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Daily Category  (Food Security)

World Food Day

Context:

World Food Day is celebrated on 16 October every year by the United Nations Food and Agriculture Organisation (FAO).

World Food Day:

  • In 1979, the Food and Agriculture Organization designated 16 October as World Food Day in 1979. 
    • Initially, World Food Day was launched to commemorate the establishment of FAO in 1945.
  • It promotes global awareness and action for those who suffer from hunger and for the need to ensure healthy diets for all.
  • In the current on-going pandemic this year, the day is celebrated with the theme – ‘Grow, nourish, sustain. Together. Our actions are our future."

Significance:

  • World Food Day creates many programs and activities to highlight and take necessary actions for food security and good nutrition for all, with a special focus on poor and vulnerable communities around the world.
  • Currently, more than 815 million people do not have enough to eat. Some 155 million children under the age of five (23 %) are chronically malnourished and stunted and may endure the effects of it for the rest of their lives. 
  • One in two infant deaths worldwide is caused by hunger.
  • It calls for global solidarity to help all populations, and especially the most vulnerable, to recover from the crisis, and to make food systems more resilient and robust so they can withstand increasing volatility and climate shocks, deliver affordable and sustainable healthy diets for all, and decent livelihoods for food system workers.

Food and Agriculture Organization (FAO):

  • It is a neutral intergovernmental organization established in 1945.
  • It is a specialized agency of the United Nations that leads international efforts to defeat hunger.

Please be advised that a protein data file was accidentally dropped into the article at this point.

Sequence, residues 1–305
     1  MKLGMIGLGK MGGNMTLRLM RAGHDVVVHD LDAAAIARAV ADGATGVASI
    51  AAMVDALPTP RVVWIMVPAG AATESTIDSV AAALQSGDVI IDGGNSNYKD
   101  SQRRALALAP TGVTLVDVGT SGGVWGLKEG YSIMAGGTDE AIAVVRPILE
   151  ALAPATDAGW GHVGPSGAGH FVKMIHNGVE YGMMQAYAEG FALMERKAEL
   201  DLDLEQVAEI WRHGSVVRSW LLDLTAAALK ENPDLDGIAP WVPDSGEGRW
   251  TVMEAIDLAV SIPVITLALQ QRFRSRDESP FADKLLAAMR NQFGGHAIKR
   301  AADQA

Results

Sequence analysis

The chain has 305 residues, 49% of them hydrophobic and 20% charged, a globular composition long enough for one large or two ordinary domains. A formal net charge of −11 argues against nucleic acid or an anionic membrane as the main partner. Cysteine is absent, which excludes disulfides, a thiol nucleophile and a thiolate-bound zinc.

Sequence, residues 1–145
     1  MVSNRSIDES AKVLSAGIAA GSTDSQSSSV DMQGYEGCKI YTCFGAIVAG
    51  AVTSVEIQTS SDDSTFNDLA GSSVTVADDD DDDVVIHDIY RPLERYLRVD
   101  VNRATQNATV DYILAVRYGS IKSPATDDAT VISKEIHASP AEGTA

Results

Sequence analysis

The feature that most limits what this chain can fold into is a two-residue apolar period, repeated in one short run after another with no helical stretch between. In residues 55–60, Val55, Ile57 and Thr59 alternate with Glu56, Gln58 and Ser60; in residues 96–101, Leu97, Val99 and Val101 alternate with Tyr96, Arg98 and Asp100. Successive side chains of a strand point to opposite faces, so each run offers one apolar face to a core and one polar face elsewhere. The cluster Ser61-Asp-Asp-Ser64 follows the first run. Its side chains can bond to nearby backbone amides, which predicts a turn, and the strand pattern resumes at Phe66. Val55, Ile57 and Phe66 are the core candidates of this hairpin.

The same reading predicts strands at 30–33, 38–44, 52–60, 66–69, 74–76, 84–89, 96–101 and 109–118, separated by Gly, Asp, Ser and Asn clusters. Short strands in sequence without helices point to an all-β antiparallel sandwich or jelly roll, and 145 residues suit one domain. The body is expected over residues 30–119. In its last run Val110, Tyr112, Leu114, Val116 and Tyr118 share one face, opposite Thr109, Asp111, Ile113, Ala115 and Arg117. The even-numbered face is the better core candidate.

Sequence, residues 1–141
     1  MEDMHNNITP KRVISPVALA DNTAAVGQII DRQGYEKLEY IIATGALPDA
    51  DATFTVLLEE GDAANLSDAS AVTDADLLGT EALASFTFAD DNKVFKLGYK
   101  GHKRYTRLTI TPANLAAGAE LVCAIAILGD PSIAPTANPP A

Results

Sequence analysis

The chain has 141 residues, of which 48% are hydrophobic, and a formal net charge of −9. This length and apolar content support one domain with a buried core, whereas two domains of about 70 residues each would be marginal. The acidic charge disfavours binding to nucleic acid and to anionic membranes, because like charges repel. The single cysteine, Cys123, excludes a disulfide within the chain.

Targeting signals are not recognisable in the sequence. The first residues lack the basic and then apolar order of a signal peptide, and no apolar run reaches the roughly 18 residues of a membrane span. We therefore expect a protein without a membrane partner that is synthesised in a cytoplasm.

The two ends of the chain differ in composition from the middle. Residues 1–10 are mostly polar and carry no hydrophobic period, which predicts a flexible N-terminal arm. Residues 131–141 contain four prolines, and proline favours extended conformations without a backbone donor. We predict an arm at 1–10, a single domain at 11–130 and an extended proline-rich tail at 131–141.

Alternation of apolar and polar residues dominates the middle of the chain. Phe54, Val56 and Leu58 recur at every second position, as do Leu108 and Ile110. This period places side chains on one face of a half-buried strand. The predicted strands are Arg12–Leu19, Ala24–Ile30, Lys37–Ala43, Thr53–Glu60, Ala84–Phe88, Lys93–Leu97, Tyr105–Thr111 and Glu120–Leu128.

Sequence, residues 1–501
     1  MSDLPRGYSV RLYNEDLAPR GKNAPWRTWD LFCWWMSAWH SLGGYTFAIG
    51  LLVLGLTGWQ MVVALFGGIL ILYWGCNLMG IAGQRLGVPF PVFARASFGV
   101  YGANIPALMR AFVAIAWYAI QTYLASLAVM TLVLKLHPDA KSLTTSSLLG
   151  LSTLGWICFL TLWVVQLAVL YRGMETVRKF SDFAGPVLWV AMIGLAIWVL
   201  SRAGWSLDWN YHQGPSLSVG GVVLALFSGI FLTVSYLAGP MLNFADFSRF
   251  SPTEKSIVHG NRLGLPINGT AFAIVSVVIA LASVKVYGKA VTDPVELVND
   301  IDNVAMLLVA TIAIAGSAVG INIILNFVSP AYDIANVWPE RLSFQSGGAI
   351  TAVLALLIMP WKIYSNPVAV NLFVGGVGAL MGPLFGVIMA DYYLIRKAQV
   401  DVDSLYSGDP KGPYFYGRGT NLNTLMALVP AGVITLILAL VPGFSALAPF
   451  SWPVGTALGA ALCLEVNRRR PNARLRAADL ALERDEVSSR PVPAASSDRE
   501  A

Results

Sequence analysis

• Its goal is to achieve food security for all and make sure that people have regular access to enough high-quality food to lead active healthy lives.
  • Headquarter: Rome.

Source: PIB

Minimum Support Price (MSP) for Farmers

Context:

The recently enacted law that dismantles the monopoly of APMC (agricultural produce market committee) mandis may not have faced serious farmer opposition had it included a provision safeguarding the continuance of the existing minimum support price (MSP)-based procurement regime.

What does the law say about MSP?

  • The Farmers’ Produce Trade and Commerce (Promotion and Facilitation) Bill does not give any statutory backing to MSP. There isn’t even a mention of either “MSP” or “procurement” in the Bill passed by both Houses of Parliament.
  • Recently, the protest by farmers over the three farm bills has a direct connection with the Minimum Support Price - Public Distribution System (MSP-PDS) regime.

Minimum Support Price (MSP):

  • MSP is a “minimum price” for any crop that the government considers as remunerative for farmers.
  • It is also the price that government agencies pay whenever they procure the particular crop.
  • The Centre currently fixes MSPs for 23 farm commodities i.e.:
    • 7 cereals: paddy, wheat, maize, bajra, jowar, ragi and barley
    • 5 pulses: chana, arhar/tur, urad, moong and masur
    • 7 oilseeds: rapeseed-mustard, groundnut, soya bean, sunflower, sesamum, safflower and nigerseed
    • 4 commercial crops: cotton, sugarcane, copra and raw jute.
  • The centre is not legally bound to pay the MSPs even if the open market rates for the said produce are ruling below their announced floor prices.

Announcement:

  • MSP is announced at the beginning of the sowing season for certain crops on recommendations by Commission for Agricultural Costs and Prices(CACP) and announced by Cabinet Committee on Economic Affairs (CCEA) chaired by the PM of India.

How are MSPs determined?

  • The Centre fixes MSPs for every Kharif and Rabi season based on the recommendations of the Commission of Agricultural Costs and Prices (CACP).
  • While calculating the Minimum Support Prices (MSPs), the CACP consider the following costs:
    • A2: Covers all cash and in-kind expenses incurred by farmers on seeds, fertilizers, chemicals, hired labour, fuel, irrigation etc.;
    • FL: Actual costs plus an imputed value of unpaid family labour; and
    • C2: Includes A2+FL along with revenues forgone on owned land (rent) and fixed capital assets (interests).

Source: Indian Express

The Essential Commodities (Amendment) Bill, 2020

Context: